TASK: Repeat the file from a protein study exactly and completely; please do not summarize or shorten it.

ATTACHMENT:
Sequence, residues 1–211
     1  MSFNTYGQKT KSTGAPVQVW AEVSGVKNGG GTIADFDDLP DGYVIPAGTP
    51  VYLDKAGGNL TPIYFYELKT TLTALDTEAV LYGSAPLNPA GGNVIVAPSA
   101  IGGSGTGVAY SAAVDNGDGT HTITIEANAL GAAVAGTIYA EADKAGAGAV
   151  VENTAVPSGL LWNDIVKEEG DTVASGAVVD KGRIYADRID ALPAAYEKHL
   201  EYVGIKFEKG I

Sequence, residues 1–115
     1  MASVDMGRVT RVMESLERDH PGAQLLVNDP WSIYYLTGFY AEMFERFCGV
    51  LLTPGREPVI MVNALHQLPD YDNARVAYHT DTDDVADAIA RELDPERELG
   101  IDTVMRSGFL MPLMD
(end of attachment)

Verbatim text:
Sequence, residues 1–211
     1  MSFNTYGQKT KSTGAPVQVW AEVSGVKNGG GTIADFDDLP DGYVIPAGTP
    51  VYLDKAGGNL TPIYFYELKT TLTALDTEAV LYGSAPLNPA GGNVIVAPSA
   101  IGGSGTGVAY SAAVDNGDGT HTITIEANAL GAAVAGTIYA EADKAGAGAV
   151  VENTAVPSGL LWNDIVKEEG DTVASGAVVD KGRIYADRID ALPAAYEKHL
   201  EYVGIKFEKG I

Sequence, residues 1–115
     1  MASVDMGRVT RVMESLERDH PGAQLLVNDP WSIYYLTGFY AEMFERFCGV
    51  LLTPGREPVI MVNALHQLPD YDNARVAYHT DTDDVADAIA RELDPERELG
   101  IDTVMRSGFL MPLMD